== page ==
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Illustrations: Fantasy and characterisation

Mozley illustrated some one hundred books over fifty years from 1938 of which forty were for children. He also illustrated and designed the covers for a further three hundred. This impressive output is often confused with being prolific. He could work fast and intensely – when in the mood. He enjoyed the many relationships that he built with publishers, printers, typographers and authors. Compared to the art world, which had a very English outlook until the 1960s, the literary world had a more international ambience. Mozley enjoyed both illustrating and the combination of designing and integrating unique lettering into his book covers. In this regard, he was stimulated by the competitive rivalry with his close friends and fellow artists, Barnett Freedman, Edward Ardizzone and calligrapher and typographer, Berthold Wolpe.

He agreed with Ardizzone’s often-expressed view that not all artists could illustrate but all illustrators were artists. He often became somewhat frustrated at the frequent requests to convey scenes and personalities of the nineteenth century. Too many top hats and bustles! His success in this field was seen to somewhat overshadow his work in other media during the 1960s. Indeed, it was during that decade that he produced his five works for George Macy’s Limited Editions Club and the majority of his illustrative work. However, Mozley was always able to balance his time and efforts between his commissioned work and that which was inspired by his free inspiration and expression, usually paintings in oil.

Charles Mozley was commissioned by nearly all the principal publishing houses and was often to be seen at book fairs. He could become engrossed in the mechanics and adaptability of lithographic reproduction. For this he became good friends with a number of the designers, artisans and technicians of the printing and publishing world.

It is little wonder that Rowley Atterbury, founder of the Westerham Press, should turn to his friend for advice when confronted with the awesome obligation of producing for The Sunday Times a facsimile edition of Toulouse-Lautrec’s iconic lithographic work ‘Elles’. In his autobiographical tale, ‘It Seemed Right at the Time’, Atterbury, with his usual sense of wit, recounts his visit to France with Mozley to purchase the nearest possible match to the paper used by Toulouse-Lautrec. The Folio production was hugely successful, but for Mozley the attention to detail was out of respect and homage to his idol.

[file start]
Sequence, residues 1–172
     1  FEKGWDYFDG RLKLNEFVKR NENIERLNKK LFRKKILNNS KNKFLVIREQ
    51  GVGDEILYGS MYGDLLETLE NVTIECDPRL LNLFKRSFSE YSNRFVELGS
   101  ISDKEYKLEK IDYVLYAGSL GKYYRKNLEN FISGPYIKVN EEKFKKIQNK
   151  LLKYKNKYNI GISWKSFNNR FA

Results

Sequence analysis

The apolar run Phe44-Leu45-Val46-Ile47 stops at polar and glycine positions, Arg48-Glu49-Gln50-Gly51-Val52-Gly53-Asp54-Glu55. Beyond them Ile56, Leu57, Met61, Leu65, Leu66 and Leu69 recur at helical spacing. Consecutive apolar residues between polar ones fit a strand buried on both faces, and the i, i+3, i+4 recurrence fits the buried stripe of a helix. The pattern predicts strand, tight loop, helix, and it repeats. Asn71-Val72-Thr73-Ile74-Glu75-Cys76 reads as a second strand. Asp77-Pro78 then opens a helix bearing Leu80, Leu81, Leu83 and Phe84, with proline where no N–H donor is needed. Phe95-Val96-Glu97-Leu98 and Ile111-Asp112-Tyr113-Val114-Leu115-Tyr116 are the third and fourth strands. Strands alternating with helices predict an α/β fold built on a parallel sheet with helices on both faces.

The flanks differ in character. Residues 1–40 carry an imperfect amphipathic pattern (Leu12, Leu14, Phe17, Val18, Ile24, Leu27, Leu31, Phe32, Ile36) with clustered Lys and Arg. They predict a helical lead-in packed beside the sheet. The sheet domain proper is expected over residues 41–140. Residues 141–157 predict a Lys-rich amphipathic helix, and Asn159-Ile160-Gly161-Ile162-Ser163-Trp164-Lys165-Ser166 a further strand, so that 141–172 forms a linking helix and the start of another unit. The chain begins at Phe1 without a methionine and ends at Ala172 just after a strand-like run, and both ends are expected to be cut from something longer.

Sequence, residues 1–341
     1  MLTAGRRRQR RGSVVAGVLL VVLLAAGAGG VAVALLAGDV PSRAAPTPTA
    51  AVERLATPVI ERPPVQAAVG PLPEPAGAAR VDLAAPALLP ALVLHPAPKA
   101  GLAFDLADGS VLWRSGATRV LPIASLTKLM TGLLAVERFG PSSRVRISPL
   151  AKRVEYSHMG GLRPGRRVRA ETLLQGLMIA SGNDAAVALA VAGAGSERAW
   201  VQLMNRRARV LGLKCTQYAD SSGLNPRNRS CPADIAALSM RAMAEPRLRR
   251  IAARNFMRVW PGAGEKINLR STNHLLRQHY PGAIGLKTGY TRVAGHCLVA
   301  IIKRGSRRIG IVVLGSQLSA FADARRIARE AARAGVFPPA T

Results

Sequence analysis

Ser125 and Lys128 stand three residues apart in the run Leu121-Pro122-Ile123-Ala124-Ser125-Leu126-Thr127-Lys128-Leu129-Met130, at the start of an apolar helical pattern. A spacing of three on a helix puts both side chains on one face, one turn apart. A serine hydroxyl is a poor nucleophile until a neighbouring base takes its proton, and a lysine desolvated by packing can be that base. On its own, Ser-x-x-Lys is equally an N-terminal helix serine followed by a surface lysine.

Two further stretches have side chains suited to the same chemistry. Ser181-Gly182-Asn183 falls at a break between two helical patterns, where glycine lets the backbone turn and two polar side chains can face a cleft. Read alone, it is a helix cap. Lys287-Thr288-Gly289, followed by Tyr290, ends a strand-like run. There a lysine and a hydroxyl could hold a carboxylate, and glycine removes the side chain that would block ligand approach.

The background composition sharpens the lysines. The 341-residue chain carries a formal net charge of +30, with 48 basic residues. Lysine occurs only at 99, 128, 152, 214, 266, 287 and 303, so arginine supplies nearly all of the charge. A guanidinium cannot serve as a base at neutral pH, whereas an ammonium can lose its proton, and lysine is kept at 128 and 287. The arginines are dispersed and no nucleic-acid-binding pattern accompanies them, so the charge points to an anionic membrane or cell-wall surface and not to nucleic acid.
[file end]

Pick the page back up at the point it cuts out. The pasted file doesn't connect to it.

The pull of friendships: performing to publishing

For Mozley using his artistic skills to communicate and create evocative images was a passion that drove him to unceasingly paint, draw and design. Although he sought to be paid well for his efforts, the opportunity to create images was always greater than his needs for monetary rewards. Working for or with people he liked was paramount. He enjoyed the company of those from many walks of life. As he saw fewer opportunities to design independently in the worlds of the performing arts and in advertising his skills were sought after from publishers of books, magazines and newspapers. His first illustrations had been commissioned as early as 1938 and there was a steady stream from a variety of publishing houses as recovery took hold after the War. With rationing and the slow economic growth during the early post-war years, publishers were initially reluctant to promote illustrated editions of adult literature. Nevertheless, Mozley illustrated some ten books between 1946 and 1961.

In 1962, Charles Mozley signed his name in the Visitors Book of the printers, W. S. Cowell adding the remark “the best lithographer in England”. Conceit, arrogance or a statement of fact. The book already contained the signatures of many of his fellow artists, the Heads of many Publishing Houses and numerous book designers and graphic designers. Mozley was sure of his own abilities and delighted in being provocative. He understood every detail and nuances that an auto lithograph can produce. Cowells was printing the lithographs Mozley had drawn for Maupassant’s ‘The Tellier House’. 1962 was also the year of his first book for George Macy’s Limited Edition Club, a much-lauded production of George Bernard Shaw’s Man and Superman. The illustrations were used by The Heritage Club in the same year and again, in 1990, Eastman’s produced a new edition with the same work. A second Limited Edition book came in 1964 and a third in 1966. An edition of the 1749 novel by John Cleland, ‘Fanny Hill’ was commissioned in 1968 but failed to go ahead due to the lack of suitable co-publisher. A copy of the lithographs and mono-print illustrations are held by the V&A and British Museum. However, in 1971, the LEC did go ahead with a selection of Pushkin short stories, ‘The Captain’s Daughter’. On this occasion Mozley not only illustrated with lithographs, but also designed the book and typography.


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